I think this is the second time I’ve given a literal update from the trenches; we’re at the Roots’n’Blues festival, providing wi-fi to a big, dusty field (it’s usually muddy, but no rain this year!). So I’m taking advantage of being the guy who setup the wi-fi security to post a weekly update. 🙂

Quite a bit of progress this week, the modderngl2 branch is not all that far away from being mainlined now:

  • Moved voxel model selection over to Lua, so adding models to the game doesn’t require a recompile.
  • I just couldn’t get voxel-based character graphics to look good. Scenery/buildings and similar are looking great, but people were too hard. So (characters only) I went back to sprites, and made a bunch of high-res ones. I used MakeHuman for templates, and then drew in details as needed. I also implemented a Lua-based system for specifying the details. More on this below.
  • Restored the AI status effects system (and converted it to the new setup).
  • Restored the movement, gravity, settler spawner/beam-down systems (and converted them).
  • Put in placeholder system for the “rest of the world” system – designed to effectively keep running world-gen post start, so the world feels alive. I wasn’t happy with the occasional pauses this caused before, so it’s being slightly re-architected.
  • Found a seed that gives me a worst-case scenario for oceans (a barely playable map that is 80% water), and used it to profile/tweak the water flow system. It’s running a lot more predictably now.
  • Made the message-passing system thread-safe, since I’m using pooled threads to concurrently run some systems now when I can.

So – character models. Nox Futura has a really detailed settler generator, and I really wanted to reflect that in the graphics. There are a ton of different cosmetic options (procedurally generated when settlers join the game, or on spawn for NPCs). To reflect this, I’ve gone with the time-tested “paper doll” approach: you render lots of sprites on top of one another to compose the character. Each render supports a color tint option, allowing for each layer to be customized for the character (a shader handles tinting, integrates game lighting, and ignores transparent pixels). So for a typical character, there’s a base body (gender-specific) – tinted by ethnicity. I then draw underwear, since I’m trying to avoid making this an M-rated experience (I really don’t get why nudity is verboten in the USA, while legs blown off isn’t… one of those two seems natural to me! Oh well.) Then hair is splatted on, tinted to match the appropriate hair color. Next, the character’s inventory is iterated, and items (tinted appropriately) are blitted onto the sprite. I started off thinking “that’s a lot of blitting, I’ll need to come up with a cache strategy” – but it has been plenty fast enough on everything I’ve tested with, so I’ve kept it simple for now.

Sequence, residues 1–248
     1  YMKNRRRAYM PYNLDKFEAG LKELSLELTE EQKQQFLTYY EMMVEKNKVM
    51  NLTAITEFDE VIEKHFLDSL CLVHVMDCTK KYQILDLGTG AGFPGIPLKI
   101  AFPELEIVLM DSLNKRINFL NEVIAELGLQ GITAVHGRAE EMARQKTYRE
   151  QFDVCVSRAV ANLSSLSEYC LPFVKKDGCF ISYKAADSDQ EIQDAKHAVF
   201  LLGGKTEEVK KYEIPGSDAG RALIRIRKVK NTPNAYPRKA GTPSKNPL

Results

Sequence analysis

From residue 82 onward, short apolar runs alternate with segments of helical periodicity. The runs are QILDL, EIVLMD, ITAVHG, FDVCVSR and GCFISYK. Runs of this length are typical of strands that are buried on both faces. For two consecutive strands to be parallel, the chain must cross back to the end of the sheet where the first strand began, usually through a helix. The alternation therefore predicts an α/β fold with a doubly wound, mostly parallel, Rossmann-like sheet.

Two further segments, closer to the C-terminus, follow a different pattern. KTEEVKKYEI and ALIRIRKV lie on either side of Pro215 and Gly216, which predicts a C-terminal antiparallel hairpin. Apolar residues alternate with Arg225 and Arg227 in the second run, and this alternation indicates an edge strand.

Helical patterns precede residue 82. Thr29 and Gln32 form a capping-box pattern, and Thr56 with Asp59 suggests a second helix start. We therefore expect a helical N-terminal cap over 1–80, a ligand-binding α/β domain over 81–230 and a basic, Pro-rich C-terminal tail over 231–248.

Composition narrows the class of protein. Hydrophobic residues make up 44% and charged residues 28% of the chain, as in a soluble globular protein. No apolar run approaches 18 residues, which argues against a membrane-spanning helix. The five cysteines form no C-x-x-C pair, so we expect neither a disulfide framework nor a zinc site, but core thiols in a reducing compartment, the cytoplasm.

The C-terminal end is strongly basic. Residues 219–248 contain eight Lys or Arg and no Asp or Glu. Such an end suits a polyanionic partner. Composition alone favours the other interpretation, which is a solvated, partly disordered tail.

There really are a LOT of combinations. Humans have 9 available skin tones, 5 hair-styles (in 24 colors), and an ever-increasing inventory of clothing options (all of which can be recolored) – there’s 22 clothing graphics so far, with more to come. Clothing sets are calculated from starting profession and gender; there are 53 professions and two genders (with each clothing item having color options, an average of 4). So a rough estimate is 228,960 combinations at this point.

Future improvements:

  • I’d like to scale the sprites by height/weight, to further differentiate characters.
  • I need to fix a couple of sprites that don’t have the background properly obliterated.
  • I need to add about 30 more clothing graphics to finish out the currently supported inventory.
  • I’d like some items to appear, so you have immediate feedback as to weapon/tool choices.